Indicates 'Significant Vulnerability' at NSA
June 27, 2013
U.S. President Barack Obama says the disclosure of the government's
clandestine surveillance programs by a former intelligence contractor
shows there is a "pretty significant vulnerability" at the secretive
National Security Agency.
At a news conference Thursday in Senegal, however, the U.S. leader said
he has no intention of "wheeling, dealing and trading" with foreign
governments to secure the return of Edward Snowden to stand trial on
Snowden fled to Hong Kong and leaked details of two NSA programs that
monitor telephone and Internet communications in the United States.
Later Snowden flew to Russia, where he is living in a transit zone at a
Moscow airport while seeking asylum in Ecuador.
Obama said he had not called either Chinese President Xi Jinping or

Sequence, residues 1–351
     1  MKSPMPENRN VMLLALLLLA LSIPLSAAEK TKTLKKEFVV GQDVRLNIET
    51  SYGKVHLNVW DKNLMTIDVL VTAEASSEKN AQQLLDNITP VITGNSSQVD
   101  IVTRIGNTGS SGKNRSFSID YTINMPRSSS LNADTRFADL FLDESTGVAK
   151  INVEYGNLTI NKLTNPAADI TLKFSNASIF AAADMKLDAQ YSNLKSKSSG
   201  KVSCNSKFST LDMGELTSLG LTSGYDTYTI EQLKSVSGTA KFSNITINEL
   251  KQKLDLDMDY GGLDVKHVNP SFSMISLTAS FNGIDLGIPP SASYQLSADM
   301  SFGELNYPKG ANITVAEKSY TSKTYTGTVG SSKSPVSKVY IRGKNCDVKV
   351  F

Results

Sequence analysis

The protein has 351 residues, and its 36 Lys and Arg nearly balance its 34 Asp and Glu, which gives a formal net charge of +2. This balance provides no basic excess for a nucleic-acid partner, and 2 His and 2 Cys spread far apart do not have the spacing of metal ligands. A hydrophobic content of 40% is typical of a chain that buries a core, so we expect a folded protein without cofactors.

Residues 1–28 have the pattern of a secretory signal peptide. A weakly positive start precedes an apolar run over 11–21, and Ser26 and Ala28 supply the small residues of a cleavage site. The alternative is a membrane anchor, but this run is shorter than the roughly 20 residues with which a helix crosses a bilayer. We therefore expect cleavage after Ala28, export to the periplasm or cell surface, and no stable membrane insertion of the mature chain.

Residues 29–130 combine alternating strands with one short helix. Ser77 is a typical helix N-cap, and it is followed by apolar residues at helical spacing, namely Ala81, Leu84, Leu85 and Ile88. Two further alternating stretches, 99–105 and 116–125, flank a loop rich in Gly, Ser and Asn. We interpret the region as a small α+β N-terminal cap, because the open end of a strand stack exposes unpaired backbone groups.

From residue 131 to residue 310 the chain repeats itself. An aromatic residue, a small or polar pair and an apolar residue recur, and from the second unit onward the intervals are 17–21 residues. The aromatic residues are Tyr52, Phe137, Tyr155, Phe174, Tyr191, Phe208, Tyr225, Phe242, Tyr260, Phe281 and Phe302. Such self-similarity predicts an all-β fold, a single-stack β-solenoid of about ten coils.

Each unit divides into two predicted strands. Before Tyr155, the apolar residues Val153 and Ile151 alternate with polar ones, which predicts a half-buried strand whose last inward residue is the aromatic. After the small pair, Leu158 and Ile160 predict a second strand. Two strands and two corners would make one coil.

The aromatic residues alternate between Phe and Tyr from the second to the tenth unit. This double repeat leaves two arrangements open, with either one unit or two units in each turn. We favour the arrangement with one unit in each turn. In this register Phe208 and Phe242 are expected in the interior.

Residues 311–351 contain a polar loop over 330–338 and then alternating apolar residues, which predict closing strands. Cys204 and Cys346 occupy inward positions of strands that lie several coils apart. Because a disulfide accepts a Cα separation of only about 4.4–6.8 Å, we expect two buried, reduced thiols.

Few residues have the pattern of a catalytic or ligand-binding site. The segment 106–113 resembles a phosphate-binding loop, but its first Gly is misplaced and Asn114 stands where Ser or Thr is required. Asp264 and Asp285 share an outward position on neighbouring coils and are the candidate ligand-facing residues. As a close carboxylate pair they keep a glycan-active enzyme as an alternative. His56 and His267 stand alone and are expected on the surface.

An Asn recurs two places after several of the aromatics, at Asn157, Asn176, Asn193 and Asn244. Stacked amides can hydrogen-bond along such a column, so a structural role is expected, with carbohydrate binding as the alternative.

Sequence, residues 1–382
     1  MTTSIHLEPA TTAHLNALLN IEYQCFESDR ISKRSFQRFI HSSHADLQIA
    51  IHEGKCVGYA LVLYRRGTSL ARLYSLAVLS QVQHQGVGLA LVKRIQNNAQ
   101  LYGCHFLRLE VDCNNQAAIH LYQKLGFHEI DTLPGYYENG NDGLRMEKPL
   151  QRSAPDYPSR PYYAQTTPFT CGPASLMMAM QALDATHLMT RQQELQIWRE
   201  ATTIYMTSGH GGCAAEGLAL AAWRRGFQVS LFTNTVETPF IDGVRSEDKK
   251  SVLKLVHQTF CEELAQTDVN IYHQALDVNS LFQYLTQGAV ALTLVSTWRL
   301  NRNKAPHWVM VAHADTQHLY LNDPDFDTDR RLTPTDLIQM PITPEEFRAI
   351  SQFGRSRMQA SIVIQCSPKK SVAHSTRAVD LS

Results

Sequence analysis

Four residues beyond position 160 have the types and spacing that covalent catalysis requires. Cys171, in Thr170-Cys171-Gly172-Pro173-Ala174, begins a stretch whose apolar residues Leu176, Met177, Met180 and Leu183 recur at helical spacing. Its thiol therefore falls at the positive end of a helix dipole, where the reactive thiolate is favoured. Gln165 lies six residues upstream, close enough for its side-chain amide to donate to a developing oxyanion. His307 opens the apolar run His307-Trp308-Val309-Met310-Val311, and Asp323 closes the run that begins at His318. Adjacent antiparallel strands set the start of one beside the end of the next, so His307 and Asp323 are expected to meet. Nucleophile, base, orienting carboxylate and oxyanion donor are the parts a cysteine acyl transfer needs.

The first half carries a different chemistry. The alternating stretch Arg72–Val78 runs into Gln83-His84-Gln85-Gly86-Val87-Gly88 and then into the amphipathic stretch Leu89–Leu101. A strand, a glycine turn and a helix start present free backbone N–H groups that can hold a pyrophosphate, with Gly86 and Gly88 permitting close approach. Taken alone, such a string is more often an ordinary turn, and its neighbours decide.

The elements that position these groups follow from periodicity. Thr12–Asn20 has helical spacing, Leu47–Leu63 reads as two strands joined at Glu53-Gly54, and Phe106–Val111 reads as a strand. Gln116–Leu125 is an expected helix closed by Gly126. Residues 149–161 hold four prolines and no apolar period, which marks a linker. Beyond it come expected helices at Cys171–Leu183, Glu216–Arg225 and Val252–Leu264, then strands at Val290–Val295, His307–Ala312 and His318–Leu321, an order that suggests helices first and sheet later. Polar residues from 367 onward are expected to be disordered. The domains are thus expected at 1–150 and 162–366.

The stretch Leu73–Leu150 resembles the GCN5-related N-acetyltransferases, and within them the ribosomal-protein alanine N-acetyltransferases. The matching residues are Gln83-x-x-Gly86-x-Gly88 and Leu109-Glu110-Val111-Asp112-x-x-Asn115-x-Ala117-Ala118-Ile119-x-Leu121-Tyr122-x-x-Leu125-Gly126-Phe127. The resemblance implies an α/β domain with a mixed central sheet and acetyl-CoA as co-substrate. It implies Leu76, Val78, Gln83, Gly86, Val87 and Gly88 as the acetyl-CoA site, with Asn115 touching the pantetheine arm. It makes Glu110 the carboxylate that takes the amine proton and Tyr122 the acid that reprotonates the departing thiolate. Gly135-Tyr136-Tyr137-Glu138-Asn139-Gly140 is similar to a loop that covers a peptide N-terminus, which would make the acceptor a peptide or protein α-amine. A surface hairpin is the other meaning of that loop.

Russian President Vladimir Putin to request Snowden's extradition. The
president said he "should not have to" and the extradition request
should be dealt with through "regular legal channels."
is something that routinely is dealt with between law enforcement
officials in various countries," said the president.
Putin said Russia does not plan to extradite Snowden to the United
If Snowden leaves Russia on a flight to another country, Obama said he
has no intention of trying to force down his aircraft to capture him.
"No, I am not going to be scrambling jets to get a 29-year-old hacker,"